With opposition parties boycotting what they call a rigged election, Reuters reports the streets of Caracas were deserted on Sunday as a minority of Venezuelans trickled to the polls to elect a constitutional super-body that unpopular leftist President Maduro vowed would begin a new era of combat in the crisis-stricken nation. That is good news as, following the death of two people yesterday, shortly after a large group of motorbikes sped through the city, and explosion hit, reportedly injuring a number of police officers.
A number of police officers were injured in Venezuela's capital Caracas after an explosion during an anti-government protest decrying a vote for a constituent assembly on Sunday, according to a Reuters witness.
Further details were not immediately available.
The moment of the explosion...
Social media is awash with clips of injured (it is uncertain if this is from the explosion)...
For now, the fire from the explosion continues...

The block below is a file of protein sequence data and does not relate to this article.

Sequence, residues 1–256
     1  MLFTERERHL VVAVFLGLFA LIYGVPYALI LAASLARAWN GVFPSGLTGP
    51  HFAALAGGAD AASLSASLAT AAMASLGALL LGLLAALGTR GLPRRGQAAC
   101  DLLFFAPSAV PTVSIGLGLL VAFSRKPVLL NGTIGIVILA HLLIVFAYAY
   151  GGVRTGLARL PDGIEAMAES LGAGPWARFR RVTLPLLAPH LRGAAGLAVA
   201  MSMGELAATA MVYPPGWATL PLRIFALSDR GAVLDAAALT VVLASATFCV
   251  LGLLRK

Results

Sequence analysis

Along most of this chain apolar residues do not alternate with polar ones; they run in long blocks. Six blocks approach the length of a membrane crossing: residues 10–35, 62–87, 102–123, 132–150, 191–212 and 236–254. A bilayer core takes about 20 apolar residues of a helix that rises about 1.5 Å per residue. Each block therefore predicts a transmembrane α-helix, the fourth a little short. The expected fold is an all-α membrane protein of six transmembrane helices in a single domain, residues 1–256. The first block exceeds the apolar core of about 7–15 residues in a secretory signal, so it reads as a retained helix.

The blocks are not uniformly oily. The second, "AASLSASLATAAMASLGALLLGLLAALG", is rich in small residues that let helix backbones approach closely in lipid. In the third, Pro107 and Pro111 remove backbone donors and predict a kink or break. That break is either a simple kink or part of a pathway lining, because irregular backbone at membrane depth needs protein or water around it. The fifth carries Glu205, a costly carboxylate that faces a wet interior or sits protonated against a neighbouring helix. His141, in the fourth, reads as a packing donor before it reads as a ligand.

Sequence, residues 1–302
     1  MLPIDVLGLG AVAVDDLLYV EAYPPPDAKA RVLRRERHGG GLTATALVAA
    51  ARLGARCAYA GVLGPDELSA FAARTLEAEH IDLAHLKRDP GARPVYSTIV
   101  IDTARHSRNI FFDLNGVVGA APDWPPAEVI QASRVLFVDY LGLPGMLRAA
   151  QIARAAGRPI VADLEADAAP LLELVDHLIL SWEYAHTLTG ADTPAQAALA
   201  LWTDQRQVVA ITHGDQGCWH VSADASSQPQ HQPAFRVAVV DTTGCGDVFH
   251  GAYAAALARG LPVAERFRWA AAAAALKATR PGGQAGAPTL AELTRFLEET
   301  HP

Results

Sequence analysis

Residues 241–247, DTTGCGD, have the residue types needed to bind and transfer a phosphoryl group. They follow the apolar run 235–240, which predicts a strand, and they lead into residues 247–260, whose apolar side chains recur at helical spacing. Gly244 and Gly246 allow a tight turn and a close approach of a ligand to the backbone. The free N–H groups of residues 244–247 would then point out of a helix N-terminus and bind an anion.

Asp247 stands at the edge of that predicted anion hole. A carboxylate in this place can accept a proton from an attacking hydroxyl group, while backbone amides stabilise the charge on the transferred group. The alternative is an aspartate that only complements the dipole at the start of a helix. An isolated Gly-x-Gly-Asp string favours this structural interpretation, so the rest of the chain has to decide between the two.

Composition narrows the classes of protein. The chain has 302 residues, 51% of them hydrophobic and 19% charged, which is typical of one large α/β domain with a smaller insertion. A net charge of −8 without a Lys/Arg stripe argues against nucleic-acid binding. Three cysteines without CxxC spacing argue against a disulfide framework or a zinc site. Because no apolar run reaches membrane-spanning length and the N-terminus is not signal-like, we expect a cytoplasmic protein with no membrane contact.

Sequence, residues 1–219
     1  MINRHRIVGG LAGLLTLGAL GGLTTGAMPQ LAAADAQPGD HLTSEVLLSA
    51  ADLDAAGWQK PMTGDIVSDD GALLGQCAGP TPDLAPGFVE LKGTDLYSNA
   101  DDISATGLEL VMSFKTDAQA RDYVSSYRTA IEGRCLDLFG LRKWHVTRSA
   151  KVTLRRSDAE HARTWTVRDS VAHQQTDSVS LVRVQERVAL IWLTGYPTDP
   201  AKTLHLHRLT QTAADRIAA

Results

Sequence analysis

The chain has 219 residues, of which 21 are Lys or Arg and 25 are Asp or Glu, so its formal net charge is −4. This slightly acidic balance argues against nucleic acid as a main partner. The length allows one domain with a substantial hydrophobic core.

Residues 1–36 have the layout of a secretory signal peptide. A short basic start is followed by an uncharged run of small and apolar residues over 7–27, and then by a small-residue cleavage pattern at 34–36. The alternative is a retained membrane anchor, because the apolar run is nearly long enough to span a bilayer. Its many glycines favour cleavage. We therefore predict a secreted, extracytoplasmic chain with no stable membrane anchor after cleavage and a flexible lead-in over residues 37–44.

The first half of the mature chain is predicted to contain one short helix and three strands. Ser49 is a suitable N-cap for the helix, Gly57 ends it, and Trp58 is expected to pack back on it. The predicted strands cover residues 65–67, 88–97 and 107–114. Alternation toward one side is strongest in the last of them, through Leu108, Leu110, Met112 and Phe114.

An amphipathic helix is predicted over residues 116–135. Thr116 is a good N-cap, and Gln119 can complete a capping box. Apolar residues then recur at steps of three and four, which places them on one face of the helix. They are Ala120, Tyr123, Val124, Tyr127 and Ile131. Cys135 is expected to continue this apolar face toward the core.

As a reminder, Reuters reports, Maduro, widely disliked for overseeing an economic collapse during four years in office, has pressed ahead with the vote to create the all-powerful assembly despite the threat of further U.S. sanctions and months of opposition protests in which more than 115 people have been killed. Opposition parties are boycotting what they call a rigged election. Their sympathizers planned protests on highways across the South American country and scuffles were already reported in the provinces - raising the prospect of violent clashes with tens of thousands of troops deployed to safeguard the vote.
Authorities confirmed there were two deaths on Saturday, including the killing of a candidate to the assembly during a robbery, while the opposition put the total death toll in Saturday's protests at five.
Critics say the assembly will allow Maduro to dissolve the opposition-run Congress, delay future elections and rewrite electoral rules to prevent the socialists from being voted out of power in the once-prosperous OPEC nation.
The opposition has vowed to redouble its resistance and U.S. President Donald Trump has promised broader economic sanctions against Venezuela after the vote, suggesting the oil-rich nation's crisis is set to escalate.
"Even if they win today, this won't last long," said opposition supporter Berta Hernandez, a 60-year-old doctor, in a wealthy Caracas district. "I'll continue on the streets because, not long from now, this will come to an end."